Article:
Crystal Growth and Aggregation of Calcium Oxalate in High Ionic Strength Solutions
According to the hyperexcretion-supersaturation theory1, the concentrations of ions in urines of calcium oxalate stone formers persistently exceed the formation product of this salt, and, as a consequence, calcium oxalate crystals are produced by spontaneous nucleation, growth and aggregation. Some of the crystals, or aggregates, are eventually trapped in the kidney and become the nidus for a stone. It has been proposed2,3 that urines of normal individuals contain inhibitors of crystal growth and aggregation which are decreased or absent in stone formers. Accordingly, much effort has been spent to test potential inhibitors, but most models permit only the measurement of an overall effect, without separating the two precipitation processes. In this study a model system is presented by which the kinetics of crystal growth and aggregation can be followed subsequently and independently in systems in which both processes proceed simultaneously. Quantitative estimates of the rates of crystal growth and aggregation of calcium oxalate from high ionic strength solutions, such as prevail in crystalluria, are given. The proposed model makes it possible to study the effect of inhibitors on both processes simultaneously and independently in the course of spontaneous precipitation.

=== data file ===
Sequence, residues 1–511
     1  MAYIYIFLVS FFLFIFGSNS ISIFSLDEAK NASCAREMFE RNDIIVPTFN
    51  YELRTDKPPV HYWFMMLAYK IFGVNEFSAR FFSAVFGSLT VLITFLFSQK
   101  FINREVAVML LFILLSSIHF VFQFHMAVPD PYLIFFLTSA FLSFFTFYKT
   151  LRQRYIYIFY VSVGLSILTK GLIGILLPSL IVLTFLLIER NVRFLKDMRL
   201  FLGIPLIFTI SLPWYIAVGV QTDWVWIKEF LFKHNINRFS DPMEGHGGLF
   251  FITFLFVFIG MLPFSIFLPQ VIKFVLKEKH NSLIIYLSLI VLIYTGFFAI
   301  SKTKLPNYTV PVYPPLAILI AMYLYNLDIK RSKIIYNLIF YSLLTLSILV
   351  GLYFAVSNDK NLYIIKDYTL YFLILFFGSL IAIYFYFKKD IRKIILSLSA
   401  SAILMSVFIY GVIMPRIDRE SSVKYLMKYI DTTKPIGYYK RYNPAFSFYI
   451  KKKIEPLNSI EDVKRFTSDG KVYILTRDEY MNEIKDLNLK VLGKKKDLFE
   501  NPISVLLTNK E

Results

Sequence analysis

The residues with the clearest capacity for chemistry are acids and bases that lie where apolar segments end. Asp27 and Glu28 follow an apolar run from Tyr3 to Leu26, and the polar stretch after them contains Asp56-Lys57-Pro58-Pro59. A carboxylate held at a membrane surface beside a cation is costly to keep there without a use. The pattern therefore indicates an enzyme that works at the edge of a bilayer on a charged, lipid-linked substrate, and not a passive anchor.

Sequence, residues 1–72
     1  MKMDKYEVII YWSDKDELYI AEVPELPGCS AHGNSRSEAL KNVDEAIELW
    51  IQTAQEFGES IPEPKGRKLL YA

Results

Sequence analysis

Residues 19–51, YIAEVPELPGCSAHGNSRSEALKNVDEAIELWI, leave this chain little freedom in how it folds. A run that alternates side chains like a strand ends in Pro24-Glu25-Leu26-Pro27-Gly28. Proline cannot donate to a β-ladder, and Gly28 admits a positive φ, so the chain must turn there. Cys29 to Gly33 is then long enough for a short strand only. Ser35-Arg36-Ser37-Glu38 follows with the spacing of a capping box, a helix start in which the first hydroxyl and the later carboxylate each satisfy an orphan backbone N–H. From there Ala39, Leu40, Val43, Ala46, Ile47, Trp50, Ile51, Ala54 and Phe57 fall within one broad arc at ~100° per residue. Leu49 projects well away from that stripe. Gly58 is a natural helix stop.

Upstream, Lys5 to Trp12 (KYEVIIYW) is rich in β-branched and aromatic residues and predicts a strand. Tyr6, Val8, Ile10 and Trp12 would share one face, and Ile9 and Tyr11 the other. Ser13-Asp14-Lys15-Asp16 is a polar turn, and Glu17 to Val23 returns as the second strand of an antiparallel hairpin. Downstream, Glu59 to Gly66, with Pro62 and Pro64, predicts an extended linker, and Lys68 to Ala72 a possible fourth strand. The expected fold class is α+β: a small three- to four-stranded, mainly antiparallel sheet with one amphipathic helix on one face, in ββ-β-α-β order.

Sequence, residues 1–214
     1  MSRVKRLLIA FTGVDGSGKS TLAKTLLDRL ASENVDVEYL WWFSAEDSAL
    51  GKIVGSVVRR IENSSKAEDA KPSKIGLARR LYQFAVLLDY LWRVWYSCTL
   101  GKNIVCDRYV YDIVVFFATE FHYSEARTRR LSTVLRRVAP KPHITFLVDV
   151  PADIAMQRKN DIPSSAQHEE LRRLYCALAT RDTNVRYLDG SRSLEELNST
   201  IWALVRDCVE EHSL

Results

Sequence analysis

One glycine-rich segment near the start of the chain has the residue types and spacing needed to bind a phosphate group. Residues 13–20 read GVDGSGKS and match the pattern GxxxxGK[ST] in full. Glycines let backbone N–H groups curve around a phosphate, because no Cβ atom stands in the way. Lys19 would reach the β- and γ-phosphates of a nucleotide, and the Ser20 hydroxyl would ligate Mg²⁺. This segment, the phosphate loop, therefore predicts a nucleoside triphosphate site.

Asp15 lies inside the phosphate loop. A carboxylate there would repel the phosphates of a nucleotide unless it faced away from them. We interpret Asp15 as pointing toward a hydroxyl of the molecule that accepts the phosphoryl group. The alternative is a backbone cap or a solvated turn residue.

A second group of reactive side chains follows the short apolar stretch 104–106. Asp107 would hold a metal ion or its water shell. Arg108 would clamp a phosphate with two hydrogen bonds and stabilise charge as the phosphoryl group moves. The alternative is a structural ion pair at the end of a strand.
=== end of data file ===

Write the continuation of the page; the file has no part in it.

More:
KeywordsCrystal Growth Calcium Oxalate Kinetic Experiment Coulter Counter Calcium Oxalate Crystal
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